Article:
OBANGAME EXPRESS 19: The Royal Canadian Navy contributes to African maritime security

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Navy News / March 25, 2019

Lieutenant(N) Jeff Lura

On the morning of March 16, 2019, a fisheries officer from Cote d’Ivoire (the Ivory Coast) boarded Her Majesty’s Canadian Ship (HMCS) Kingston, at sea in the Gulf of Guinea. Escorted by sailors of the Marine Nationale du Cote d’Ivoire, he wore a no-nonsense expression as he approached a table littered with documents.

“You’re the Captain?” he asked the sailor seated at the table.

“I am,” the sailor replied. “We are simple fishermen.”

“May I see your license to fish here, then?” the officer inquired, eyeing the sailor suspiciously.

“We cannot find it,” answered the sailor, “I’m sure it’s around here somewhere, though.”

Following a detailed cargo inspection, the voice of an Ivorian patrol boat commander blared over Kingston’s bridge radio: “You are suspected of violating numerous laws…your ship will follow ours into the port of Abidjan for additional verifications.”

Of course, HMCS Kingston is not a fishing vessel, and the ship’s crew had done nothing wrong. This was simply one of the many scenarios that made up OBANGAME EXPRESS 19.

Organized by the United States Africa Command, OBANGAME EXPRESS is Africa’s largest maritime security engagement. It brings together personnel from more than 20 countries, with the goal of increasing cooperation and improving security in the Gulf of Guinea region.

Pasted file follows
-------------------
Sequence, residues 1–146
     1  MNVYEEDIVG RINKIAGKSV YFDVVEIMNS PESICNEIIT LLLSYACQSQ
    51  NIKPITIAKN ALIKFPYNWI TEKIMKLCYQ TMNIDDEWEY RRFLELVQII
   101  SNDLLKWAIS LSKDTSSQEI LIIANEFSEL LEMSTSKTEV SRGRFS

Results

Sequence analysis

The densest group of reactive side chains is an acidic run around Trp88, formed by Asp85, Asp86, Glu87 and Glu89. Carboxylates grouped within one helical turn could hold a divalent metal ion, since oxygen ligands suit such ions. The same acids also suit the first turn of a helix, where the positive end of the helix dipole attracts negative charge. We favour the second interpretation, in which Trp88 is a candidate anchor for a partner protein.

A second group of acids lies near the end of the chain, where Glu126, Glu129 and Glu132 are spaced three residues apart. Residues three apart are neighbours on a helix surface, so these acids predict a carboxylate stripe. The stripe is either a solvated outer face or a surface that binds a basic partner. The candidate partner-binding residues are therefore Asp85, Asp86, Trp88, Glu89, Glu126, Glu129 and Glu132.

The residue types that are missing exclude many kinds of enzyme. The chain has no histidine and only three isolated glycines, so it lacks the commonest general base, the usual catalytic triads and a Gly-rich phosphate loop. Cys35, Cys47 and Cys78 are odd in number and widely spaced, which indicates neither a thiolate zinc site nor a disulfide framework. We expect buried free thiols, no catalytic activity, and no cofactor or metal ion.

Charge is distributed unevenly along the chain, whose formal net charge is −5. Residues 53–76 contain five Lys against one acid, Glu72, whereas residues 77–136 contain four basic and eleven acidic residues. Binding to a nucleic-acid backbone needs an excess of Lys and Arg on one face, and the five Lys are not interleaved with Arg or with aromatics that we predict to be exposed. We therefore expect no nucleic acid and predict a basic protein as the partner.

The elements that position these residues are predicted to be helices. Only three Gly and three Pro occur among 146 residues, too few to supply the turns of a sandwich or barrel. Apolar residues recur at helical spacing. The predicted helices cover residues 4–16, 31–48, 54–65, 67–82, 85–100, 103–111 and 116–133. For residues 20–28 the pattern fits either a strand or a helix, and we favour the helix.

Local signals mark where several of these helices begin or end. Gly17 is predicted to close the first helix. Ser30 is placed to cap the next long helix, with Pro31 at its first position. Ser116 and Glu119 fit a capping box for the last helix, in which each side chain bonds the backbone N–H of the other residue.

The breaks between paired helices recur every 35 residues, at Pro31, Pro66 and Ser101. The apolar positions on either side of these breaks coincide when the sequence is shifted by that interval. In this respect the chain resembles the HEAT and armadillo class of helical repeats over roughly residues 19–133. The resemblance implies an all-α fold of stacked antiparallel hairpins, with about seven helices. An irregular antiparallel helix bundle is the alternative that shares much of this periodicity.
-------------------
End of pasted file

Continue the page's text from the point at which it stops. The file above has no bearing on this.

At home, Canada’s Navy plays a key role in monitoring maritime approaches and ensuring the security of Canadian waters; as a result, deployed personnel arrived in Africa with a wealth of knowledge to share. At sea, HMCS Kingston and HMCS Shawinigan participated in simulated law-enforcement scenarios, boardings, tracking exercises, and searches. Members of the Naval Tactical Operations Group (NTOG) worked alongside their African colleagues, providing valuable maritime interdiction guidance. In shore-based Maritime Operations Centres, a team of Canadian officers mentored regional authorities in coordinating and monitoring activity in local waters. Throughout OBANGAME EXPRESS 19, the Royal Canadian Navy’s ensign - whether displayed on a uniform or flying from a ship’s mast – was always nearby.

“Working with our partners here in West Africa is a totally new experience for me,” said Lieutenant-Commander Jeremy Samson, Commanding Officer of HMCS Kingston.

“We have a lot of knowledge and experience to share with local forces, but we’re also learning quite a bit.”

A regular participant, this was the third OBANGAME EXPRESS for Master Seaman Bassam Mothana, Kingston’s Weapons Engineering Technician. According to him, there has been an obvious evolution since 2017.

“During the first OBANGAME, exercises took a bit longer,” he explained.

“Now, everyone hits the deck running due to skills gained and improved through training. It’s really rewarding to see that our efforts are making a difference.”

Obangame means togetherness in the African Fang language, and sums up the engagement perfectly. Every scenario and activity that took place during OBANGAME EXPRESS 19 featured partners from different nations working together toward a common goal. At the center of many of these scenarios were Canadian sailors, proudly doing their part to contribute to a safer Gulf of Guinea.